Could it be that I’ve become a patient person?
That is achievement unlocked in these parts, because I’m the girl that will burn her tongue in a rush to taste the caramel, even when it is just hot off the stove. That loaf that came out of the tin in a disheveled mess? That was my doing, all because I couldn’t wait to let it cool for the recommended time. 8/10 times I walk out of a pedicure a touch too soon, and give myself dented, botched toe-nails because I couldn’t wait for the nail-paint to dry. The supermarket woman who first took too long to bill my three items and then tried to pass off a godawful milk chocolate because she couldn’t be bothered to get me change, got a mouthful from me. Because I hate being made to wait for simple things like change in a supermarket.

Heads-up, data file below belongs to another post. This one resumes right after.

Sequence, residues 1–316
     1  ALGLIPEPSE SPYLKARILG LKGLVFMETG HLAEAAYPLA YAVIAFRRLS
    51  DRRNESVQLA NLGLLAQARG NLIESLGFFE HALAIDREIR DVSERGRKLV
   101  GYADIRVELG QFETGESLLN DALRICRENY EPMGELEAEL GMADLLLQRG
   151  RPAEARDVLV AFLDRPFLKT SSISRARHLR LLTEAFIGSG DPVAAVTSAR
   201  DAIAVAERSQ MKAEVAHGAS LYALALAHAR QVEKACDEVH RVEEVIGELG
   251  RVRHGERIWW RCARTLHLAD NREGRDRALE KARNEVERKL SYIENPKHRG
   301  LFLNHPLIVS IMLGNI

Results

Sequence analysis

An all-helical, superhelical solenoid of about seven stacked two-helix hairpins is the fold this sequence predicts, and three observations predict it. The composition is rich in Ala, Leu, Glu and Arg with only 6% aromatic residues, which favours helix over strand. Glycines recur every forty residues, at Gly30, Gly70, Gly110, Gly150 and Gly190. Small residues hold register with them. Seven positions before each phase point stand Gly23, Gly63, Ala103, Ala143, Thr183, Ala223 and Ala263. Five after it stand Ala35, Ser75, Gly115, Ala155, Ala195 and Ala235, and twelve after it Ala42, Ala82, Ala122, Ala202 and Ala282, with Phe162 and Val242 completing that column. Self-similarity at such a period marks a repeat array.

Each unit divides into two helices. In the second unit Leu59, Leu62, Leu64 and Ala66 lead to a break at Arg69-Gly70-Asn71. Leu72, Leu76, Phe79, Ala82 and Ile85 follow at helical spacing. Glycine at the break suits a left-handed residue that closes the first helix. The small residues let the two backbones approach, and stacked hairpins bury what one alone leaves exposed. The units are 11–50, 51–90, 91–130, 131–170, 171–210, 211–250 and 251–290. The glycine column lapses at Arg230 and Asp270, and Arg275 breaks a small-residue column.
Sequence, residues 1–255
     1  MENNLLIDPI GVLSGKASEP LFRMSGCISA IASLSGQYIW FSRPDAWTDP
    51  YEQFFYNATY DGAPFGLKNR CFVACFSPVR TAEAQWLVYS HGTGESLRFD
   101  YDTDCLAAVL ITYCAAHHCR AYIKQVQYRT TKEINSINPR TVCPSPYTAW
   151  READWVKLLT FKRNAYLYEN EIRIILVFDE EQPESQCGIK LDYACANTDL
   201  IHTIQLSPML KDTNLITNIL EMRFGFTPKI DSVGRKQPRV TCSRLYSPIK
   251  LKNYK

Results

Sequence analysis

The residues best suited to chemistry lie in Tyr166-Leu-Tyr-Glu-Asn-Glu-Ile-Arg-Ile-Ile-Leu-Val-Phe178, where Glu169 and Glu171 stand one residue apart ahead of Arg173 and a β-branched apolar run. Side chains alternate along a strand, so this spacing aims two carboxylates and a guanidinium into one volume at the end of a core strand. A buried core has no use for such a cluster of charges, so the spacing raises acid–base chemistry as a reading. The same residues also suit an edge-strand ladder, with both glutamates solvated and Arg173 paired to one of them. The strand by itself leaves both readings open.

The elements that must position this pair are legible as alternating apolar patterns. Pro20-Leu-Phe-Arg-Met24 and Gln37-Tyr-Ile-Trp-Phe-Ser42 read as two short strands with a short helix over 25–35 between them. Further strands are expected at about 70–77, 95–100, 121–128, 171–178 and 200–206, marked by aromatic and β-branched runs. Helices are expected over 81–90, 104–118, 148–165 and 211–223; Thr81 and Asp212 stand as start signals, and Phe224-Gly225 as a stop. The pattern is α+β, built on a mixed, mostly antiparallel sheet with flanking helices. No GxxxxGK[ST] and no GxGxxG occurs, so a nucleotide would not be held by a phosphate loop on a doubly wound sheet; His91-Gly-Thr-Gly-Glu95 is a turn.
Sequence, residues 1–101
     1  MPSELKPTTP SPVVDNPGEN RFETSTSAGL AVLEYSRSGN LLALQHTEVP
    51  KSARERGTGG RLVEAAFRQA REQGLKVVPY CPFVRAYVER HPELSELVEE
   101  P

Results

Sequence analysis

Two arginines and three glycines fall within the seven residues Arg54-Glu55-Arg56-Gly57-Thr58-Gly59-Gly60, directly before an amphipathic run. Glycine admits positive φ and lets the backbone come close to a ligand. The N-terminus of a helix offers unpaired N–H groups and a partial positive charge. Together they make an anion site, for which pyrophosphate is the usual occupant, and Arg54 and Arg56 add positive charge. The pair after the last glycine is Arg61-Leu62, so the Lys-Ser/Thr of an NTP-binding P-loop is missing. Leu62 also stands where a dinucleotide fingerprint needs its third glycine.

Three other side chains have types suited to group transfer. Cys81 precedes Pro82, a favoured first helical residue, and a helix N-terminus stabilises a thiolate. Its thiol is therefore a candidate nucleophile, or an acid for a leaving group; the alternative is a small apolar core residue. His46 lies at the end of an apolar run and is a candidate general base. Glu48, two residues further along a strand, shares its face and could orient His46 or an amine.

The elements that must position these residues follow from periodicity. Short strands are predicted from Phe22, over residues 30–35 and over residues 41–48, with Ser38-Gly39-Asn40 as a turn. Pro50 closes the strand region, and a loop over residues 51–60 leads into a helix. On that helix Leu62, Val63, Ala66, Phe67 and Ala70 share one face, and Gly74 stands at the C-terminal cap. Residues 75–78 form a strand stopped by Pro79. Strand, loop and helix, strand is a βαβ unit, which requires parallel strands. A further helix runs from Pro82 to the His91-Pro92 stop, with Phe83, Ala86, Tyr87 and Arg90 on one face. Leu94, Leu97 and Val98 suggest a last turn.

So going by that, maybe the patience is getting better? Actually that’s not an accurate word. I don’t think it’s getting necessarily better, because I still lose the plot. A lot. But back in the day, even the impatient me was known for the limitless patience I exercised with people. Even though I could barely sit in one place and wait for a situation to unfold, I found it in me to draw immense patience when it came to dealing with people. Some times even when they were undeserving of it. I was the chosen one to confide all your secrets and scams in. I was the one you turned to when you were in a hot mess. I was the one who would sit it out, talk to you, listen to you blather through snotty nose and teary eyes, and just be there. It tested my patience to the max, and earned me the label of a good friend. I didn’t lend the kindness to all and sundry, but amongst those I considered close, I was quite the Dr. Phil.